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Let $M$ and $N$ be finite rank free modules over a ring with invariant basis number such that $N \subseteq M$ is a submodule of $M$. Suppose $M$ and $N$ have the same rank $n$. Is it possible for $$M=N \oplus P$$ for some nonzero module $P$? Would this contradict the assumption that the rank of $M$ is $n$?

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  • $\begingroup$ Did you mean torsion free module? $\endgroup$ – steven gregory Feb 2 '16 at 23:36
  • $\begingroup$ @StevenGregory I specifically had free modules in mind but I guess an equivalent question could be formulated for finitely generated torsion free modules. $\endgroup$ – leibnewtz Feb 2 '16 at 23:38
  • $\begingroup$ @StevenGregory Oops sorry I misunderstood your question. Yes wouldn't $P$ have to be torsion free? If any such $P$ exists its annihilator would have to be $0$, otherwise it would contradict the fact that $M$ is free. But the question is whether such a $P$ exists in the first place $\endgroup$ – leibnewtz Feb 2 '16 at 23:39
  • $\begingroup$ If you are willing to allow modules of infinite rank then there are easy counterexamples. $\endgroup$ – DBS Feb 3 '16 at 2:56
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A ring over which this is not possible is called a stably finite ring (to relate your definition to the one on Wikipedia, take $A$ and $B$ to be the matrices of the projection $M\to N$ and the inclusion $N\to M$, respectively). Here's an example of a ring with invariant basis number that is not stably finite. Let $k$ be a field and let $R=k\langle x,y\rangle/(xy-1)$. Then $R$ has invariant basis number, since there is a ring-homomorphism $R\to k$ (sending $x$ and $y$ to $1$, for instance) and $k$ has invariant basis number. Now take $M=R$, $N=Rx$, and $P=\{z\in R:zyx=0\}$. Then since $xy=1$, $N$ is free of rank $1$ (being isomorphic to $M$ via right-multiplication by $x$) and $M=N\oplus P$ (since right-multiplication by $yx$ splits the inclusion $N\to M$). But $P$ is nonzero since it contains $1-yx$, and $yx\neq 1$ in $R$.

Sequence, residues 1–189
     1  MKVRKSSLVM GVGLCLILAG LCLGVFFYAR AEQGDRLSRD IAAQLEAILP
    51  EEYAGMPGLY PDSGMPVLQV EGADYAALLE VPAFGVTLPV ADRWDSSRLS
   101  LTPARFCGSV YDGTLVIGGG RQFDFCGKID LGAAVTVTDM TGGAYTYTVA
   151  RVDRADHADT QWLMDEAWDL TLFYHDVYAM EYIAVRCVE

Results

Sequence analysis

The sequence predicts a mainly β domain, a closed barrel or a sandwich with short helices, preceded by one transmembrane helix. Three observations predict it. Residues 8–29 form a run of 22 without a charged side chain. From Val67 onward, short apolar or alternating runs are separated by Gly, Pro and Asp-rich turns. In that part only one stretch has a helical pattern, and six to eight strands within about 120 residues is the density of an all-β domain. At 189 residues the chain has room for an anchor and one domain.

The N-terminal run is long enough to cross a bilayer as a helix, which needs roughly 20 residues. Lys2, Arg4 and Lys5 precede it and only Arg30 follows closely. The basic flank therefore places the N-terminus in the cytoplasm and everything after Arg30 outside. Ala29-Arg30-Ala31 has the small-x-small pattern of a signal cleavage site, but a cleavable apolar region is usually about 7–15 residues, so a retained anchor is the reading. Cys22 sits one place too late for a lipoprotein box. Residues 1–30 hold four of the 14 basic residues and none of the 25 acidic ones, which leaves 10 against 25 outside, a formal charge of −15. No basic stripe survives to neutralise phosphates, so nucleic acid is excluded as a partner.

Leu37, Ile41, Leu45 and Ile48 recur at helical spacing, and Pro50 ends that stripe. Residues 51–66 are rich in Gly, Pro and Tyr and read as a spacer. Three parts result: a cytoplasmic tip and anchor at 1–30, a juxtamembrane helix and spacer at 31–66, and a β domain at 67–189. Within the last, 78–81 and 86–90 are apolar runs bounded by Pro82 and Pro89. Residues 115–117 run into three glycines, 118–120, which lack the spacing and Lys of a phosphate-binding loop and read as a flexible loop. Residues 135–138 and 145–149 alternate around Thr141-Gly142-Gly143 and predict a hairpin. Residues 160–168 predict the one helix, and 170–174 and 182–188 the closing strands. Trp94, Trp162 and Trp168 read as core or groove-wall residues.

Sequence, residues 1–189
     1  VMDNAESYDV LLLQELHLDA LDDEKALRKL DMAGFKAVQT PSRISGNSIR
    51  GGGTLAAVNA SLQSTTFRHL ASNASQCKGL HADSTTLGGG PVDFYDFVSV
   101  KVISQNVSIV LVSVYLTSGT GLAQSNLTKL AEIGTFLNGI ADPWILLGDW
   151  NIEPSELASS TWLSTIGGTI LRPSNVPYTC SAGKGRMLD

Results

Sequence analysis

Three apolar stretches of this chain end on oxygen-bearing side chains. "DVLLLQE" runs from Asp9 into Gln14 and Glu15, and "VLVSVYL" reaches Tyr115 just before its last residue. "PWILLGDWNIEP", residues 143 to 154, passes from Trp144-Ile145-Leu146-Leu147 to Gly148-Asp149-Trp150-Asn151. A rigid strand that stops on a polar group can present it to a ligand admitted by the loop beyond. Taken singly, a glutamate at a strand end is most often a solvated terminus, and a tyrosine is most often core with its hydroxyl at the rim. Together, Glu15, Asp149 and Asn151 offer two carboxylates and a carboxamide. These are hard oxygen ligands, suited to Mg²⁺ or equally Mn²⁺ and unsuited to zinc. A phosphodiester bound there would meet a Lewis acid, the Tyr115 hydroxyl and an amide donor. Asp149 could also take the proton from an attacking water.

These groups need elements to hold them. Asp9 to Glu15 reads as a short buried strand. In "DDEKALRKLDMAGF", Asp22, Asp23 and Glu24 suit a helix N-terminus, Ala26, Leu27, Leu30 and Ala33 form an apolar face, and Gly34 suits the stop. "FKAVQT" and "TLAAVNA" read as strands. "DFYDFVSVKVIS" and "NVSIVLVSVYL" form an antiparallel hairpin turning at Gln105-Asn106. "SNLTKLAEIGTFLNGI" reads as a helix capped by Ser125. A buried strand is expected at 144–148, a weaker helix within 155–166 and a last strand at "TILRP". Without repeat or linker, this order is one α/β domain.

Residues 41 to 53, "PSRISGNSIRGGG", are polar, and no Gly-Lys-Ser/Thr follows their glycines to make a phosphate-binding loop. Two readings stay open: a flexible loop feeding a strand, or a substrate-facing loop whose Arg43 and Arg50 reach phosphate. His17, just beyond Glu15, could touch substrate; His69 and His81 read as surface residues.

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  • $\begingroup$ Thanks for your response! The wikipedia article says that all commutative rings are stably finite. Are you assuming that $x$ does not commute with $y$ in your example? $\endgroup$ – leibnewtz Feb 3 '16 at 1:20
  • $\begingroup$ Yes, $k\langle x,y\rangle$ denotes the ring of noncommutative polynomials in $x$ and $y$ with coefficients in $k$. $\endgroup$ – Eric Wofsey Feb 3 '16 at 1:22

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